For most babies colostrum is just fine until the Mum's milk comes in.

thehumanegg Tue 22-Jan-13 20:06:37

Growyourown Glad you asked this, it's an interesting one. BTW re pumps I seem to remember in the hospitalnot being allowed to plug in electrical devices (health and safety) so a manual might do, if hand expression isn't successful. That's what I'll do if there's a next time.

NanoNinja Tue 22-Jan-13 19:50:41

Happened to me. Baby had hypoglycaemia and low body temp, I was spaced after CS. Baby had formula, milk not coming through. Horrible. I pumped loads, drank fennel tea like water and by week three managed to get back to ebf. Was bloody hard though.

Cool! Now cats....that's something I know lots about!

Whiteshoes Tue 22-Jan-13 16:11:23

Amongst the conflicting advice I was given was that pumping wasn't appropriate until your milk comes in. Very happy to be corrected though.

I would hope your midwives would give you a feeding cup. I couldn't find one to buy anywhere, but it was a little prepackaged and pre-sterilized cup with a small flat spout. They also showed me how to feed her that way. It's amazing. Babies lap milk like cats do! So clever!

Good to know there are ways around it for some people and that mixed feeding isn't hte end of the world. It sounds like it would be sensible to take the electric breast pump into hospital with me and some sort of cup. What cup did you use? A baby one with a spout? Open topped?

megandraper Tue 22-Jan-13 15:46:23

Happened for me with DC3. On day 4 she had lost more than 10% of bodyweight so was sent to hospital, where they found she had extremely high jaundice and was a little bit dehydrated.

One night of feeding formula in hospital (and pumping but not getting much out). By the next day my milk came through and we just carried on bf, and I didn't give any more formula.

I was very upset about it (having to give formula) at the time, but it all worked out fine, and we are still bf 18 months later.

emsyj Tue 22-Jan-13 15:42:10

I was given donor breast milk from the milk bank when DD was born, as she was too sleepy to feed from me. A lovely infant feeding specialist midwife expressed my colostrum for me (as I sat dazed from morphine after a crash section) and fed it to her with a syringe, then she was cup fed with donor milk until my milk came in - encouraged by a hospital grade double breast pump which the hospital provided for me. DD eventually fed from me at 6.5 days old.

CheungFun Tue 22-Jan-13 15:36:41

I'm quite interested in this too as my milk didn't come in for 5 days and DS was hungry so he ended up having formula. Only part of my many problems with breastfeeding and not getting the hang of it! I'm trying to learn more though as I would try to bf when I have more children one day!

Whiteshoes Tue 22-Jan-13 15:32:50

Oops, sorry for double post.

Whiteshoes Tue 22-Jan-13 15:32:18

Hi. This happened to me, well at least b/f was an initial disaster and the midwives forgot me, so no one came to check she was feeding successfully, and we failed to establish b/f at hospital. I'm sure part of this was the delay in my milk coming in, and I don't think she got any colostrum either.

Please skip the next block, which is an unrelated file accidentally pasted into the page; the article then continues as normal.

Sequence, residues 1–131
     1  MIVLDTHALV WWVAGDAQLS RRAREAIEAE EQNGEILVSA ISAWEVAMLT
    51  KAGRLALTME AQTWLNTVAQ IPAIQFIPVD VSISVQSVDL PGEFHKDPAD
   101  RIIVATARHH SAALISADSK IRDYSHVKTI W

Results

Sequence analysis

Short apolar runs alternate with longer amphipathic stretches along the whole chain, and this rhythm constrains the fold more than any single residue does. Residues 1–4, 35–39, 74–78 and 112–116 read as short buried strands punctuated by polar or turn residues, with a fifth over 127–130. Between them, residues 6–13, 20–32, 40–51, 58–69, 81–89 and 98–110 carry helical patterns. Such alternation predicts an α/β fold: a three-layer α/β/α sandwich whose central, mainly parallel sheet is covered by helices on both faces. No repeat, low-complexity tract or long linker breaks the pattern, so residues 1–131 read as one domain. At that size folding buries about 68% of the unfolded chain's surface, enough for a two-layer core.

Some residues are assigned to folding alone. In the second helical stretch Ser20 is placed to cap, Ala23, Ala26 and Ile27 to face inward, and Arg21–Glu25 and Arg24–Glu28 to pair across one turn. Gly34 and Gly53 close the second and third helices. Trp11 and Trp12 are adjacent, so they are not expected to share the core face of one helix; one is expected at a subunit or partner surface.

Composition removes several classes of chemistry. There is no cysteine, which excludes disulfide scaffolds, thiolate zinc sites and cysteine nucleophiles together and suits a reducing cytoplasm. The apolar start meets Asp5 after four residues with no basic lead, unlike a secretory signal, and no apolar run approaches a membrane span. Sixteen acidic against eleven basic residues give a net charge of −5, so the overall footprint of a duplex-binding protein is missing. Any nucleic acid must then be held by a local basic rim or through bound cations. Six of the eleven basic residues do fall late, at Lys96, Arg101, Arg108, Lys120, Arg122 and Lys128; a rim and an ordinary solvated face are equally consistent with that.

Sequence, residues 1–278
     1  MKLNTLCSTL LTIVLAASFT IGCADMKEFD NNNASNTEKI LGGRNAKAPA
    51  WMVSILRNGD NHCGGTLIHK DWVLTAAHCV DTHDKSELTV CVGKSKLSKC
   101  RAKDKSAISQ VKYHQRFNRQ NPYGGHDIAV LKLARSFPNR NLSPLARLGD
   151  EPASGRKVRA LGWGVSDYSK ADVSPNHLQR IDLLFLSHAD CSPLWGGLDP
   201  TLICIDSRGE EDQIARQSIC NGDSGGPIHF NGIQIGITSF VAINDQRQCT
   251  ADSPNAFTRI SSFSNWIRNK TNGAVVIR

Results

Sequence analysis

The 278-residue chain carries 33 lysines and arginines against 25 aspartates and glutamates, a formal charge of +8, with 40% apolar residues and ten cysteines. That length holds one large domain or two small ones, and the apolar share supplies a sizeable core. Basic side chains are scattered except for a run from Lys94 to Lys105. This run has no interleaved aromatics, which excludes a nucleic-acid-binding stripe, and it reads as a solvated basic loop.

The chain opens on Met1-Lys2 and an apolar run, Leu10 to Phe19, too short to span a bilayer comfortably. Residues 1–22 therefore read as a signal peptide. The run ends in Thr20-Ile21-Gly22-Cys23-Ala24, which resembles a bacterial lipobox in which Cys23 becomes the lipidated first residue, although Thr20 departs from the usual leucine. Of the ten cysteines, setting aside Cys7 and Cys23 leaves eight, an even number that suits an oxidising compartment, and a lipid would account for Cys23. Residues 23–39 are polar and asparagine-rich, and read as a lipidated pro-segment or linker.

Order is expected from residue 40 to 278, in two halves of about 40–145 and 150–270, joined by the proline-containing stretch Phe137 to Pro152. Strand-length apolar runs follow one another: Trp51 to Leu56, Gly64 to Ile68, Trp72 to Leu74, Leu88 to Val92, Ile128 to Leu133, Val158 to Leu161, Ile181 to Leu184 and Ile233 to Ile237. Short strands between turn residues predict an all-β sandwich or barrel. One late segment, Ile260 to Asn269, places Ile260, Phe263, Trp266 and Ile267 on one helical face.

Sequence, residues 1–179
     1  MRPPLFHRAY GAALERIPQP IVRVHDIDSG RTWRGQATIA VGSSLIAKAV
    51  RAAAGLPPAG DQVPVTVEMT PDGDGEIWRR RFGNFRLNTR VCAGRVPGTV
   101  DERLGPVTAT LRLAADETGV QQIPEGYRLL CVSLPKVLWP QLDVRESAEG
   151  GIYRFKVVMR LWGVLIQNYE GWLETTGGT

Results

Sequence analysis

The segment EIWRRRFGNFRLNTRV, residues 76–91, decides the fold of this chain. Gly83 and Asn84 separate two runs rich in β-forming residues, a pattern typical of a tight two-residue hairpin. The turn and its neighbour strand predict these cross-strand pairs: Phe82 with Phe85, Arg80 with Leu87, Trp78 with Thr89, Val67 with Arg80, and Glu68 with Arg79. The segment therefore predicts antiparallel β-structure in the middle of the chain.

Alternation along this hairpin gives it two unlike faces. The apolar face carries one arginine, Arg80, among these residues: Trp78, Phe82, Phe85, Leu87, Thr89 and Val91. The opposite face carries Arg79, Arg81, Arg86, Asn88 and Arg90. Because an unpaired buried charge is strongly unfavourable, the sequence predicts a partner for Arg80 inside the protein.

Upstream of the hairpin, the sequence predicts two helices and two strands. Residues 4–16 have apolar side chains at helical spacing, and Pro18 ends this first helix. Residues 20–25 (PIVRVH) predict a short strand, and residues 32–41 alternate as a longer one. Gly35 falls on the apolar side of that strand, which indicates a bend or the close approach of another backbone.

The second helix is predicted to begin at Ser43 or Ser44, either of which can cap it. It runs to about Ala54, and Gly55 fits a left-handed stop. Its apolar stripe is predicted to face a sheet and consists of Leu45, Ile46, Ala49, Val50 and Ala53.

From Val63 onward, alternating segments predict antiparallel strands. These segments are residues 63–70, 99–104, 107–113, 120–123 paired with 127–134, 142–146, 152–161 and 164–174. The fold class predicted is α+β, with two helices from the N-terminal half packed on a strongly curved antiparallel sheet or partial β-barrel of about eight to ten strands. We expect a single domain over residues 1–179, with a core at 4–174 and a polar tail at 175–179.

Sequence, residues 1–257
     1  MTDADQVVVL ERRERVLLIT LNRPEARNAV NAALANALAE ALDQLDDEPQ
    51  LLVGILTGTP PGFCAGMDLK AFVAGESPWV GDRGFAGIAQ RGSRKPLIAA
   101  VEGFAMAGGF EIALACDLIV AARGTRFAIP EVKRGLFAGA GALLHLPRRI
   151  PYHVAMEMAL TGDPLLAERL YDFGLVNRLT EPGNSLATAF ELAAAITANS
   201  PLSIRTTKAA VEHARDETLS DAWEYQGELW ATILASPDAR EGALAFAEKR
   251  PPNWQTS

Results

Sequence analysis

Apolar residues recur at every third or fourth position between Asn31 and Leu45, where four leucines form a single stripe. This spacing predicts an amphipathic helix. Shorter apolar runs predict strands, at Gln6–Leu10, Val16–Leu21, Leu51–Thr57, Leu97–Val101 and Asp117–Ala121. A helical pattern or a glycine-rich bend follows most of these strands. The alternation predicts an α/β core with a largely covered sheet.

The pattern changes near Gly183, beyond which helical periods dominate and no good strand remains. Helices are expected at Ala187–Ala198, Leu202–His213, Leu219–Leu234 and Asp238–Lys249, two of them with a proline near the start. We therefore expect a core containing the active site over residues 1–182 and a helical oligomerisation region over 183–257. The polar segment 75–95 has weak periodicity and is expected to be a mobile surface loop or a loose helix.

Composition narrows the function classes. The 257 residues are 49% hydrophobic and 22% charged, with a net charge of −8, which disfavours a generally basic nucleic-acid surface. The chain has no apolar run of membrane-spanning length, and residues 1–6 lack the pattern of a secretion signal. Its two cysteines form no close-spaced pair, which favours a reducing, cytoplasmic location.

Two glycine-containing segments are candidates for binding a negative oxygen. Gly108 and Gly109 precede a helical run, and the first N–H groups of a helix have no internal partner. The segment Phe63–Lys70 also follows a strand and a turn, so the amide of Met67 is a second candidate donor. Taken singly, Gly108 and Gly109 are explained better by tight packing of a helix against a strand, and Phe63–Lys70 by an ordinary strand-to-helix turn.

What happened was a mishmash of conflicting and confusing advice at hospital. It was a nightmare. I kept on trying to b/f. She wasn't very interested, I imagine because she wasn't getting much. She was obviously hungry and only doing poo nappies for days and days. We gave her formula in a special cup in hospital when we had a midwife who would allow it! They wouldn't let us take a feeding cup home, which was insane, leaving us only with bottles or starving her available to us. Bastards. So we sterilised odd shaped things and formula fed her because she was so hungry. When my milk came in, we did finally crack it, although we were almost readmitted because she was still below the appropriate weight.

I then went on to b/f her for over a year and I loved it!

Whiteshoes Tue 22-Jan-13 15:32:01

Hi. This happened to me, well at least b/f was an initial disaster and the midwives forgot me, so no one came to check she was feeding successfully, and we failed to establish b/f at hospital. I'm sure part of this was the delay in my milk coming in, and I don't think she got any colostrum either.

What happened was a mishmash of conflicting and confusing advice at hospital. It was a nightmare. I kept on trying to b/f. She wasn't very interested, I imagine because she wasn't getting much. She was obviously hungry and only doing poo nappies for days and days. We gave her formula in a special cup in hospital when we had a midwife who would allow it! They wouldn't let us take a feeding cup home, which was insane, leaving us only with bottles or starving her available to us. Bastards. So we sterilised odd shaped things and formula fed her because she was so hungry. When my milk came in, we did finally crack it, although we were almost readmitted because she was still below the appropriate weight.

I then went on to b/f her for over a year and I loved it!

Stupid question perhaps, but if your milk comes through late (day 4/5), say due to delayed BFing due to CS, medical reasons or lack of initial support what do you do? Give the baby formula then try when it's through?

I keep hearing about delayed ilk coming through on various threads but don't really understand what happens for mother and baby in the meantime. Can anyone shed any light please?

Thanks.